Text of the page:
He went to the university of Leipzig as a student of philosophy and natural sciences, but entered officially as a student of medicine.
At Leipzig, GÃ¶ttingen and Halle he studied for four years, ultimately devoting himself to mathematics and astronomy.
In 1815 he settled at Leipzig as privatdocent, and the next year became extraordinary professor of astronomy in connexion with the university.
Of Leipzig and 19 m.
Romanorum regis (Leipzig, 1806).
(Leipzig, 1881), 1125-1200; P. B.
(3rd ed., Leipzig, 1898), 144 f.; J.
-1.523 (2 vols., Leipzig, 1906); and H.
Heiberg (Leipzig, 1880-1881) superseded it.
Educated at Leipzig and Berlin, he became extraordinary professor in 1883 and ordinary professor in 1892 of Egyptology in the university of Berlin, and in 1885 he was appointed director of the Egyptian department of the royal museum.
Alten Orients, Leipzig, 1856, 124 ff.) and E.
Alten Orients (Leipzig, 1856), p. 124 ff.; E.
(1779-1844) (Leipzig, 1908); P. Kraus, Allgemeine Konservative Monatsschrift, Bd.
Forster's Samtliche Werke appeared at Leipzig in 9 vols.
His correspondence was published by his wife (2 vols., Leipzig, 1829); his Briefwechsel mit Sommerring by H.
Schubring, Historische Topographie von Akragas (Leipzig, 1870); R.
Ruckert (Quedlinburg and Leipzig, 1858); another version of the tale, Lorengel, is edited in the Zeitschr.
Junghaus (Leipzig, 1878); Conrad von Wiirzburg's fragmentary Schwanritter, ed.
(Leipzig, 1909); and " Dolmens, Tombs of the Giants and Nuraghi of Sardinia," in Papers of the British School at Rome, v.
After studying law at the universities of Leipzig and GÃ¶ttingen, he entered the service of the prince of Nassau-Weilburg, whom in 1791 he represented at the imperial diet.
(Stuttgart and Leipzig, 1823-1845).
(Heidelberg and Leipzig, 1856-1857), was written by his brother Heinrich von Gagern.
Von Ranke, Geschichte der romanischen and germanischen Volker, 1 4941.514 (Leipzig, 1874); R.
He was then appointed to the ordinary chair of mathematics successively at Basel (1863), Tubingen (1865) and Leipzig (1868).
See Lives by Becher (Berlin, 1894) and Pagel (Leipzig, 1906); Rudolf Virchow als Patholog by Marchand (Munich, 1902); Rudolf Virchow als Arzt by Ebstein (Stuttgart, 1903); Geddchtnisrede auf R.
Virchow (Berlin, 1903); and Briefe Virchows an seine Eltern 1839-1864, by Marie Rabl (Leipzig, 1907).
He began his screntific studies at Leipzig, but afterwards went to Berlin.
In Germany a few Cartesian lecturers taught at Leipzig and Halle, but the system took no root, any more than in Switzerland, where it had a brief reign at Geneva after 1669.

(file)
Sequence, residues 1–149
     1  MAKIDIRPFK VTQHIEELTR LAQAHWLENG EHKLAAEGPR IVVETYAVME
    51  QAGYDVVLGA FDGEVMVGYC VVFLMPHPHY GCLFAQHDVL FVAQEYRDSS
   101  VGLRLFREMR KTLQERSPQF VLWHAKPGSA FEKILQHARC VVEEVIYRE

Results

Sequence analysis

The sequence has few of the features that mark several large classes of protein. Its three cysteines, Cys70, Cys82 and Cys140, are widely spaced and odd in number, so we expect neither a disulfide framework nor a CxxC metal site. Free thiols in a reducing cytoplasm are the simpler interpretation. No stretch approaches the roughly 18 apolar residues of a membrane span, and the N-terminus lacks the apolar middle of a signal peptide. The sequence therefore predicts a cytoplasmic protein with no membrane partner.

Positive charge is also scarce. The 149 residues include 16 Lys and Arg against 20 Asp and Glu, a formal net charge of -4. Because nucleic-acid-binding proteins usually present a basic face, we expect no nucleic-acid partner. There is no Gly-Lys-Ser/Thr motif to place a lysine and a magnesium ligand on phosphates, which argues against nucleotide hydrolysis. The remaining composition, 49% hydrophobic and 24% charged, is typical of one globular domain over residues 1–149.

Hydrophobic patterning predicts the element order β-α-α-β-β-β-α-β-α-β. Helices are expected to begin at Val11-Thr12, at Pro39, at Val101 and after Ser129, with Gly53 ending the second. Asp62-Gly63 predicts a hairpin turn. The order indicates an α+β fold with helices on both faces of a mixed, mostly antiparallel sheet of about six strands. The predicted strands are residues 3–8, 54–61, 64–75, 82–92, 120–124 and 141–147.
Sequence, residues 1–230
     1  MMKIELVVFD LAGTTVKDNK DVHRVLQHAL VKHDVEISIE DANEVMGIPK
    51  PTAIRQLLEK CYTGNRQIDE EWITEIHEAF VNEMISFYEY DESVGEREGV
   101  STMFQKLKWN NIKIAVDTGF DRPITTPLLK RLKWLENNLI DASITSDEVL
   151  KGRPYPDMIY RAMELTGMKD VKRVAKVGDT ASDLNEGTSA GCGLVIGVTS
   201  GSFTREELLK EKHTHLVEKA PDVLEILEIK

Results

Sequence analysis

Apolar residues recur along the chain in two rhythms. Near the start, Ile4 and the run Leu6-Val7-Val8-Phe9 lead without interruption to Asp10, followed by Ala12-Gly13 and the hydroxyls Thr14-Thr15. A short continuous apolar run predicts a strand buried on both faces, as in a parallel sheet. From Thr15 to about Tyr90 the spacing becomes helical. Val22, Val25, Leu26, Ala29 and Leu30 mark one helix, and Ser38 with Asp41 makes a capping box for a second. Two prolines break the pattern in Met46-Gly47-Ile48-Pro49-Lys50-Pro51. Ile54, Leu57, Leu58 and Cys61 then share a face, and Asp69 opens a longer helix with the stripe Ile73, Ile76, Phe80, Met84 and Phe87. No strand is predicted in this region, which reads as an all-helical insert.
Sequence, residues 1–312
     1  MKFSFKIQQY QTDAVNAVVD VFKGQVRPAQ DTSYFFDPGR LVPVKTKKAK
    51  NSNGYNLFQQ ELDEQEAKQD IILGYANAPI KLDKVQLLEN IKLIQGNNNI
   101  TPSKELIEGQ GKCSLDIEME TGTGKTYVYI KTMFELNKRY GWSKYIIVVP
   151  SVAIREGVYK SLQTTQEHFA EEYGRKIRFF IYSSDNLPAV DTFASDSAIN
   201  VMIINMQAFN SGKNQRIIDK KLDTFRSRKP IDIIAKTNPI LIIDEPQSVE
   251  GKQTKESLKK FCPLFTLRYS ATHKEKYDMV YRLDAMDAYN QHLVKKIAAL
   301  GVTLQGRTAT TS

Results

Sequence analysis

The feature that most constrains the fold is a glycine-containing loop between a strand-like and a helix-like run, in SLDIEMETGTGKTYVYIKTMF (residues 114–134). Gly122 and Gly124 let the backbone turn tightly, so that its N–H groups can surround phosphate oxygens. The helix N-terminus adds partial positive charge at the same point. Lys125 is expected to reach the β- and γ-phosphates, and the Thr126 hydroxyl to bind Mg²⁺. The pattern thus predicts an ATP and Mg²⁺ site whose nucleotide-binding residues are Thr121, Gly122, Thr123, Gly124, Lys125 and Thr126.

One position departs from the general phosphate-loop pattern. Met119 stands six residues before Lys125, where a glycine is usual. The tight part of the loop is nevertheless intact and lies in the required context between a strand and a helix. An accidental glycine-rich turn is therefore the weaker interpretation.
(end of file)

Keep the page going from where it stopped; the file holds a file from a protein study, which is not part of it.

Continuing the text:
Six editions of the Opera philosophica appeared at Amsterdam between 1650 and 1678; a twovolume edition at Leipzig in 1843; there are also French editions, euvres philosophiques, by A.
Cantor, Vorlesungen itber die Geschichte der Mathematik (Leipzig, 1894-1901); Sir Michael Foster, Hist.
In 1869 and 1871 he was president of the first and second Jewish Synods at Leipzig and Augsburg.
(Leipzig, 1889); K.
(Strassburg and Bonn, 1893-1896), and Die attische Politik seit Perikles (Leipzig, 1884) takes the most disparaging view; E.
(Leipzig, 1884-1886), are on the whole unfavourable; Adolf Schmidt, Das Perikleische Zeitalter (Jena, 1877), V.
516-560 (Leipzig, 1874); E.
His ideas and experiments on the nature of minerals and other substances are voluminously set forth in his Physica Subterranea (Frankfort, 1669); an edition of this, published at Leipzig in 1703, contains two supplements (Experimentum chymicum novum and Demonstratio Philosophica), proving the truth and possibility of transmuting metals, Experimentum novum ac curiosum de minera arenaria perpetua, the paper on timepieces already mentioned and also Specimen Becherianum, a summary of his doctrines by Stahl, who in the preface acknowledges indebtedness to him in the words Becheriana sunt quae profero.
Wagner, Leipzig, 1900).
Meusel (Leipzig, 1871) from a Leiden MS. A.
Kiibler, Leipzig, 1888).
Wagner (Leipzig, 1900).
Leipzig, 1900); B.
Gilgamos (Leipzig, 1894); F.
Granert's Studien, &c., Freiburg, 1901); Adolf Ausfeld, Der griechische Alexanderroman (Leipzig, 1907), edited after the author's death by W.
But for Leipzig a comparison with the Gewandhaus Band may be sought.
Gopchevich, Oberalbanien and seine Liga(Leipzig, 1881); F.
Von Giesebrecht, Geschichte der deutschen Kaiserzeit (Leipzig, 1885-1890); and Herzog-Hauck, Realencyklopadie, Band iv.
Steiner, Leipzig, 1881), Keil (1866, 3rd ed., 1888, Eng.